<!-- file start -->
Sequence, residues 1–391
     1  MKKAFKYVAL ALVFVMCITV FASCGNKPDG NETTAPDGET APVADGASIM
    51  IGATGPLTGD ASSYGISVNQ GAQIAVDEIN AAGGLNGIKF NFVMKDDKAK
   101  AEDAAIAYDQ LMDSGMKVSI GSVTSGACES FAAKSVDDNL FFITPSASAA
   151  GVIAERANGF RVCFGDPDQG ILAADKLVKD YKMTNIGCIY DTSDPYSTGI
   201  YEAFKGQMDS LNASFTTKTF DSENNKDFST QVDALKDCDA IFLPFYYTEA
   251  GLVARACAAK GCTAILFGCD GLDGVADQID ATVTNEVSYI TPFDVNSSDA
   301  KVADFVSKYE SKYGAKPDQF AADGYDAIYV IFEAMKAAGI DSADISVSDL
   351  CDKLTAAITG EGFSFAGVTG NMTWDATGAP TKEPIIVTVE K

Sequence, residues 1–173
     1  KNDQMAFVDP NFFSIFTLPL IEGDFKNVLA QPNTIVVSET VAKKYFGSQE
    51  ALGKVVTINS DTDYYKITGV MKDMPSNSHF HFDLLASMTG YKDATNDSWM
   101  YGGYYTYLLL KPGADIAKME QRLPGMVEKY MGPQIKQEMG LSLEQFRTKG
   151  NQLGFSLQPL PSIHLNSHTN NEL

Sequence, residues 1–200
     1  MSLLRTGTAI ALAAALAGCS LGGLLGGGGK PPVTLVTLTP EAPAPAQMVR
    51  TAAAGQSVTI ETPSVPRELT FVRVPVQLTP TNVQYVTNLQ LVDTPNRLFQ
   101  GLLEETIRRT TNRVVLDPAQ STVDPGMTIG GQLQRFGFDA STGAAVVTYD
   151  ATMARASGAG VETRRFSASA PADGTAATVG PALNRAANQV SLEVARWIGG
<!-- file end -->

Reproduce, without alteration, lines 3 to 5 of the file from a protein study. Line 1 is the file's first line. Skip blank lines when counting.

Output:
    51  IGATGPLTGD ASSYGISVNQ GAQIAVDEIN AAGGLNGIKF NFVMKDDKAK
   101  AEDAAIAYDQ LMDSGMKVSI GSVTSGACES FAAKSVDDNL FFITPSASAA
   151  GVIAERANGF RVCFGDPDQG ILAADKLVKD YKMTNIGCIY DTSDPYSTGI